Repository hosted by TU Delft Library

Home · Contact · About · Disclaimer ·

Toxicity to nasal-associated lymphoid tissue

Publication files not online:

Author: Kuper, C.F. · Arts, J.H.E. · Feron, V.J.
Institution: TNO Voeding
Source:Toxicology Letters, 140-141, 281-285
Identifier: 237041
doi: doi:10.1016/S0378-4274(03)00023-7
Keywords: Toxicology Health · Toxicology and Applied Pharmacology · Immunotoxicity · Mucosal immunity · NALT · clinical examination · conference paper · histopathology · immune system · lymphoid tissue · nonhuman · nose · practice guideline · priority journal · toxicity · Hazardous Substances · Humans · Nasal Mucosa · Toxicity Tests · Animalia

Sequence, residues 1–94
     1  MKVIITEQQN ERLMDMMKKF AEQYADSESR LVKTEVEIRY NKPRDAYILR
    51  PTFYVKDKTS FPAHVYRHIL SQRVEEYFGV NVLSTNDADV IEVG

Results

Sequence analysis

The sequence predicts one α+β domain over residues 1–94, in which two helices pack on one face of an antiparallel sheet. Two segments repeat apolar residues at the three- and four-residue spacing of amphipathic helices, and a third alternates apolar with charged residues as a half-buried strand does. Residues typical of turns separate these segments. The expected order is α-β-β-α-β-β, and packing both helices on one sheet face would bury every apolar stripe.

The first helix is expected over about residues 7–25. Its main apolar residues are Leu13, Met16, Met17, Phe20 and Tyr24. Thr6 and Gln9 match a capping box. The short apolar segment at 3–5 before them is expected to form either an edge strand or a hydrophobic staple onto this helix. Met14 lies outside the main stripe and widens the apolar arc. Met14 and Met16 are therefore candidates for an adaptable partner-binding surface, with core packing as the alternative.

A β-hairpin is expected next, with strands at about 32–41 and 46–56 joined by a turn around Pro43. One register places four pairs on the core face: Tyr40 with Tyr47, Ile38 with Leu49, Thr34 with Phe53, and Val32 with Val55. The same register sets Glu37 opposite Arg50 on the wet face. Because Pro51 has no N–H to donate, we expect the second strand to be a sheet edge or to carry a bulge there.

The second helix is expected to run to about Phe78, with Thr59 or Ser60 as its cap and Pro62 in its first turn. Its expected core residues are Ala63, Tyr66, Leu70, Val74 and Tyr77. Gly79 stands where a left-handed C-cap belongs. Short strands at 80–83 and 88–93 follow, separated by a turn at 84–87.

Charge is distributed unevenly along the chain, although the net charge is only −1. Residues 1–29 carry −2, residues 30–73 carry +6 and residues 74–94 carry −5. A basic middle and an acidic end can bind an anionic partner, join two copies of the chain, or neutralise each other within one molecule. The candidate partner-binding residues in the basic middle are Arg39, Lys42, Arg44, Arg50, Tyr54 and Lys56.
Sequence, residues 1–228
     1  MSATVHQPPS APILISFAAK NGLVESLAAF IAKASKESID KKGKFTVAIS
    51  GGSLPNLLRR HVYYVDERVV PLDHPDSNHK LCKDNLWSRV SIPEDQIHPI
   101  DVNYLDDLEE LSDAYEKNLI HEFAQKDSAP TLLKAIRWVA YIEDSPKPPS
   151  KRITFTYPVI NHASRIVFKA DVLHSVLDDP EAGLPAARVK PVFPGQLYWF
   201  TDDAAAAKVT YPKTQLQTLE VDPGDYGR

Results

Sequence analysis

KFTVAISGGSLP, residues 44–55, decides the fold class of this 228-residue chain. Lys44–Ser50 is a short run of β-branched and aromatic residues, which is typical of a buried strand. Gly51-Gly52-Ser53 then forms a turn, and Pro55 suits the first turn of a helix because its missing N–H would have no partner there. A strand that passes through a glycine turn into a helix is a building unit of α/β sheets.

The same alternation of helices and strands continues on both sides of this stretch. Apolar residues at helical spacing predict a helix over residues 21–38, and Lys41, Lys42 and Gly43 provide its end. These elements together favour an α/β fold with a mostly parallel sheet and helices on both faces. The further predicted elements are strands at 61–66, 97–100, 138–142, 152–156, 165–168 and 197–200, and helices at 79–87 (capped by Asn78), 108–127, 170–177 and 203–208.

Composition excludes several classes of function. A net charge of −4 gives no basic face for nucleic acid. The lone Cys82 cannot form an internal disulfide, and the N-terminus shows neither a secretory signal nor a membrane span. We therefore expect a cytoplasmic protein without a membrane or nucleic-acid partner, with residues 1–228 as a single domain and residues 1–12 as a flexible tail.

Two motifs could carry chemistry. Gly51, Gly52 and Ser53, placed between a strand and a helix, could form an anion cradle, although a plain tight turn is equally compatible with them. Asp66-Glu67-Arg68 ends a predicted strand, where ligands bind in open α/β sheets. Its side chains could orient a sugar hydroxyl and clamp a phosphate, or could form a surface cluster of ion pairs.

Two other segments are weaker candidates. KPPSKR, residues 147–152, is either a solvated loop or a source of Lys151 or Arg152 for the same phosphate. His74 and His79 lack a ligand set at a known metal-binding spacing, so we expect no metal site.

The mucosal membranes form a weak mechanical barrier, but they are provided with an extensive specific and non-specific defence system. Antigenic stimulation of the mucosal immune system of the oronasal passages induces specific, local immune responses, and activates immune components of mucosae elsewhere as well as the systemic immune system. Nasal lymphocytes are disseminated diffusely in the mucosa or are organised in structures at the entrance of the nasopharynx (nasal-associated lymphoid tissues, NALT). Nasal lymphatics, and possibly NALT, play an important role in drainage of brain fluid, especially in small animals. Little is known about toxicity to the NALT, despite its central role in mucosal immunity. Its strategic position in the nasal passages suggests that it comes easily into contact with inhaled nasal toxicants. Therefore, we recommend to include histopathological examination of NALT in standard guideline-driven inhalation toxicity studies. © 2003 Elsevier Science Ireland Ltd. All rights reserved.